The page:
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Credit Card Use for a Good Credit Score Looks Like This

Young people graduating from college have a lot of things on their minds.  The usual suspects are student loans, finding a job and eating food.  And not necessarily in that order.  One thing many graduates don't think about is their credit score, and this can end up costing them a lot of money in the long run.  All it takes is using a credit card responsibly and appropriately to start a long term history of great credit.

Most people will end up buying a house or a car in their lifetime.  They might also rent an apartment or sign up for a credit card.  In most of these cases, the company will want to know what kind of borrower you are.  Instead of taking the time to look through all of your transactions, the company will look at your credit score.

Fair or not, it is essentially a summary of your credit worthiness boiled down to one single number.

How Can I Get a Good Credit Score?

The most widely used credit score is the one by FICO, which calculates your score on a scale from 300-850.  While the exact algorithm the company uses to calculate your score is not known, they do make it known what factors make up your score.  This way, you can easily figure out what you need to do to improve your score.

According to the chart on their website, 80% of your credit score is determined by your payment history (35%), amounts owed (30%) and length of credit history (10%).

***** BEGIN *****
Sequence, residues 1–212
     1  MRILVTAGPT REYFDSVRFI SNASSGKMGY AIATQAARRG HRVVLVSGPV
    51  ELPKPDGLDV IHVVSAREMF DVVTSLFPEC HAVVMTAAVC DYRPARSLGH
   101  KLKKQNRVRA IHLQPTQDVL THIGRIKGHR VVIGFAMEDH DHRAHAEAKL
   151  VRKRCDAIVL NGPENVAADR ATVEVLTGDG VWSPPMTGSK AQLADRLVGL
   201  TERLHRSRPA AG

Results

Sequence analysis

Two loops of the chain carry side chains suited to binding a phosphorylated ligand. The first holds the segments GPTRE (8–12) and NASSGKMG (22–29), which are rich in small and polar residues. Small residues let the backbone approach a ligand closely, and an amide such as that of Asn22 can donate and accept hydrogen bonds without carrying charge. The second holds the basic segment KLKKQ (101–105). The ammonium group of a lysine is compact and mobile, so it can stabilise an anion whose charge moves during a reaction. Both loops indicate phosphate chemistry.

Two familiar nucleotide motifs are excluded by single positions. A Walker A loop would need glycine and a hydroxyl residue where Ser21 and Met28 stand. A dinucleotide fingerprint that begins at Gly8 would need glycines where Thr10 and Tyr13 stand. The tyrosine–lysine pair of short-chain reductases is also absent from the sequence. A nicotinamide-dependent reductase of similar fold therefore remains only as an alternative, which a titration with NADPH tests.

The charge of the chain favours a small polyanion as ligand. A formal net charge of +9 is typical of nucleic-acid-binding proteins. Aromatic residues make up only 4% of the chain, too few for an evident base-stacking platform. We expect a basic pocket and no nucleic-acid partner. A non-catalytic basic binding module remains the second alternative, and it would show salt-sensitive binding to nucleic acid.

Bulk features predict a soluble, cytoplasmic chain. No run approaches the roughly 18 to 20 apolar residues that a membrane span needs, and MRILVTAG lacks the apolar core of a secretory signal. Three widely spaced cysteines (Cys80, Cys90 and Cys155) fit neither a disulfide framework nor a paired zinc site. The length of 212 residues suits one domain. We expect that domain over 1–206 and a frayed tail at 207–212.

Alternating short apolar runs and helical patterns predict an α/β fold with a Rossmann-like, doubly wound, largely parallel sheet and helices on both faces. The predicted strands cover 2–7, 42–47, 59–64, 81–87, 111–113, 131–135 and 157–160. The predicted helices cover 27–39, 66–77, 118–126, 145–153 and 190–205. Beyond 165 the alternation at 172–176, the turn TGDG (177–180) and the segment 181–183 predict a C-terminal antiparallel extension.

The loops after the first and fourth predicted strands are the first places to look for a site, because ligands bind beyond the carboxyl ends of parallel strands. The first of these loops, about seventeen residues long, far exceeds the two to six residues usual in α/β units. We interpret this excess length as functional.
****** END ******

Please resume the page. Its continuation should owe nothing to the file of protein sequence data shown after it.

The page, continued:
Want to check your credit score? Sign up for Score Watch from MyFICO.com.

All three of these factors can be optimized by simply signing up for a credit card early in your career and using it wisely.  Here's how.

Payment history

This looks at your history of on time payments.  You obviously want a long history of on time and, ideally, in full payments on your credit card.  That means paying off the total amount of your bill before the due date.

Every.

Single.

Time.

Amounts owed

This mainly looks at the amount you owe versus your credit limit, typically referred to as your credit ratio.  If the limit on your card is $1,000 and you routinely spend $999 every month, that doesn't look good at all.  You want to have a low ratio, meaning if your limit is around $1,000 you want to spend around $200.  This means that increasing your credit limit is actually a good thing, as long as you don't increase your spending.

Length of credit history

There's nothing you can really do about this except to get a time machine and zip 10 years into the future.  Lenders want to see that you have an established history of paying your debts on time, so that's why it's important to get a card early on and use it wisely.  Getting a card in freshman year and listening to the words of wisdom in this post will already give you a solid 4 years of good credit history.

Looking at the FICO chart can also tell you what NOT to do with that credit card.  Doing things like being late with bills and maxing out your credit limit will throw up numerous red flags and will cause your score to plummet.  While it's good to acknowledge your mistakes and learn from them, it's even better to recognize them beforehand and never make them in the first place.

Having a great credit score will give you favorable interest rates on your car loan, mortgage or any other loan you may have to take.  This can lead to savings of thousands of dollars over one's lifetime.  Starting your credit history with responsible credit card use can go a long way to make this happen.

Are you ready to build credit wisely? Click here to see the card I recommend as the best credit card for young adults. The card allows you to get your credit score free each month.

Originally posted 2014-11-14 06:00:04.

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